I couldn’t wait to start planting all the things I couldn’t grow in our foggy San Francisco neighborhood – bougainvillea, roses, and most vegetables. I thought the hardest part would be trying to stay patient as I waited for the plants to take off and fill the yard.
Our Sonoma neighbors warned me to “amend the soil” but I assumed the dirt had to be just fine based on the significant overgrowth that we inherited when we bought the house. We had to literally hack things down as a way of controlling the foliage. Adding bags of manure (or any of the suggestions we received – sand, sawdust, bone meal, gypsum, perlite, coffee grounds – it seemed everyone had their own secret recipe) seemed pointless when we already had a “Jack and the Beanstalk” situation on our hands.
Oh, what a silly city girl! My first clue should have been how difficult it was to dig the planting holes. Surely in paradise the shovel just glides through the dirt effortlessly but I was having to dig-and dig – and dig. Sometimes the digging was an all-day process as I would walk away for a few hours until I had the strength to go back to my pathetic hole in the ground and try again.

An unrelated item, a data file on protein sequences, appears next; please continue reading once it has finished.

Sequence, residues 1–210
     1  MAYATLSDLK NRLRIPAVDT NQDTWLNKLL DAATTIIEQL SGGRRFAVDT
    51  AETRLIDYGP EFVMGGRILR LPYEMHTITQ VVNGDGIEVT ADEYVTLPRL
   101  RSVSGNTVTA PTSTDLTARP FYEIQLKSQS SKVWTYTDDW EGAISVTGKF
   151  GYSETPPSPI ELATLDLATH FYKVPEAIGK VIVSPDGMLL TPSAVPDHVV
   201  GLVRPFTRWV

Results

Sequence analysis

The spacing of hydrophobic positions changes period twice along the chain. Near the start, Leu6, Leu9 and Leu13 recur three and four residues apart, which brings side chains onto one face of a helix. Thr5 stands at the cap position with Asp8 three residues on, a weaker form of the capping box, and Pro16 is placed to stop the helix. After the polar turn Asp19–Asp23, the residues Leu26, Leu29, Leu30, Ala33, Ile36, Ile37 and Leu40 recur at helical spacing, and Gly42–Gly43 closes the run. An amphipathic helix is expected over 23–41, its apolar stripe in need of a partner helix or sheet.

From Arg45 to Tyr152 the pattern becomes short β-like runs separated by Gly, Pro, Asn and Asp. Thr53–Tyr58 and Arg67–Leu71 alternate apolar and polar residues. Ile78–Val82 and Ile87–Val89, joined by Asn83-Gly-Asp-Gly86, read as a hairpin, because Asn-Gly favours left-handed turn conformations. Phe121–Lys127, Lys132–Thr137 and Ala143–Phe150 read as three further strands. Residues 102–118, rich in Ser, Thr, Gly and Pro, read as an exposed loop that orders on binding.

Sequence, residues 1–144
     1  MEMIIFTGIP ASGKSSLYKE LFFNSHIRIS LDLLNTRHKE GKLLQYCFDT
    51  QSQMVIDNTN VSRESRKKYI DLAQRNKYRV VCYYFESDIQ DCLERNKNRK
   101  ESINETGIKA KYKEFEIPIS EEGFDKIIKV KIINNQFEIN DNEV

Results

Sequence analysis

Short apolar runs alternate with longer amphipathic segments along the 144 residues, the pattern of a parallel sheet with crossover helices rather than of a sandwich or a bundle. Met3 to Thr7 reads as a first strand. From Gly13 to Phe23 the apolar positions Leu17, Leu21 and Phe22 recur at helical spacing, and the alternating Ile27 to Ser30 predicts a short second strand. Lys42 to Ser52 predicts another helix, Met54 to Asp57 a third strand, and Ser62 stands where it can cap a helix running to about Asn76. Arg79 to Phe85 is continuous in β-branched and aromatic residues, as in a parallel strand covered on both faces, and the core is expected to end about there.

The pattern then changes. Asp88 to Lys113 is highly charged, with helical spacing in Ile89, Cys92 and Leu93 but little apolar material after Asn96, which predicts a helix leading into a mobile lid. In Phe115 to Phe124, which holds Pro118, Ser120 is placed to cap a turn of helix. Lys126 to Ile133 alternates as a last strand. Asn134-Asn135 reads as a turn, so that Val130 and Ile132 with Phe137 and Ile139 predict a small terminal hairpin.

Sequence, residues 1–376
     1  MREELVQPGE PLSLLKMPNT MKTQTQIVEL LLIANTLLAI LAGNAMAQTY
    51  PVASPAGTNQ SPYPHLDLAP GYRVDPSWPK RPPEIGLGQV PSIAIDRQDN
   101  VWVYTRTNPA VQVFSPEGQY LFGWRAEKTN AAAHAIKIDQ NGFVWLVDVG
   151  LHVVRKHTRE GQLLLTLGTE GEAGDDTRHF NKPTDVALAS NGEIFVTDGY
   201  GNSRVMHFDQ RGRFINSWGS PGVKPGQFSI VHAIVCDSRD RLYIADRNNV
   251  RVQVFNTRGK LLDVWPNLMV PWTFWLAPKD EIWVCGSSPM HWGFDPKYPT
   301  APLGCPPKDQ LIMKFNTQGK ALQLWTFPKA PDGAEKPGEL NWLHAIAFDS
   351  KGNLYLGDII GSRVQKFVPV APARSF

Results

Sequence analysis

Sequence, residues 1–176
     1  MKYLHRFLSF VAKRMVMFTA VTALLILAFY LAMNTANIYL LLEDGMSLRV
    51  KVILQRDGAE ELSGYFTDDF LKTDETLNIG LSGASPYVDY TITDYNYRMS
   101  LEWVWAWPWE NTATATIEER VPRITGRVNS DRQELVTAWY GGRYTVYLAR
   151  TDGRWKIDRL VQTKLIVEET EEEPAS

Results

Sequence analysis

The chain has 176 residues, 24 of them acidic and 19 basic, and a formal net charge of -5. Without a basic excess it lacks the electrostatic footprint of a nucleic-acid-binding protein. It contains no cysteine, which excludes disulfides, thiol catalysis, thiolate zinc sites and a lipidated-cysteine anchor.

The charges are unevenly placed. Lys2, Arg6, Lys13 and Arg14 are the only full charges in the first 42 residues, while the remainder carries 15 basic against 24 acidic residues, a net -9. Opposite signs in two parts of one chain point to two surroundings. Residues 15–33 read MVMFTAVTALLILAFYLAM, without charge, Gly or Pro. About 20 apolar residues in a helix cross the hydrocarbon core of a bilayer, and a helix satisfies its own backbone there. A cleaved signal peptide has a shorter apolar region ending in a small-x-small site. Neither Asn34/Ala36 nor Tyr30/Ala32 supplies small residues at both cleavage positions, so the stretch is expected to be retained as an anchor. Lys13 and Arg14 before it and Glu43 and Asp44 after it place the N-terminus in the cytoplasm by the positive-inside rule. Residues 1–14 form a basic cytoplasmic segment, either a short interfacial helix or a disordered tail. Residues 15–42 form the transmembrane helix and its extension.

My shovel would hit what seemed like thousands of rocks and I would dig them out and add them to the growing pile. I had an idea why Sonoma County had so many charming rock walls everywhere – no one knew what else to do with all the stones! It was clear from touching the soil that it had a dense, clay-like texture and when I mentioned it to my brother his response was “Well, what do you expect – you have that adobe soil.”
Adobe soil? That sounded even more challenging than clay since adobe means “mudbrick” in Spanish. I imagined native peoples digging up Sonoma soil and drying it into bricks for building pueblos. No wonder I was having such a hard time! And I have to admit that I should have listened to the neighbors.
I now have a healthy respect for Sonoma soil, for the needs of the particular plants I am trying to cultivate and for wearing the right gear when I’m gardening.
Here are the gardening boots I like to envision myself wearing:
And here are the boots I actually wear:
Hey, at least they say “Boss” on them!1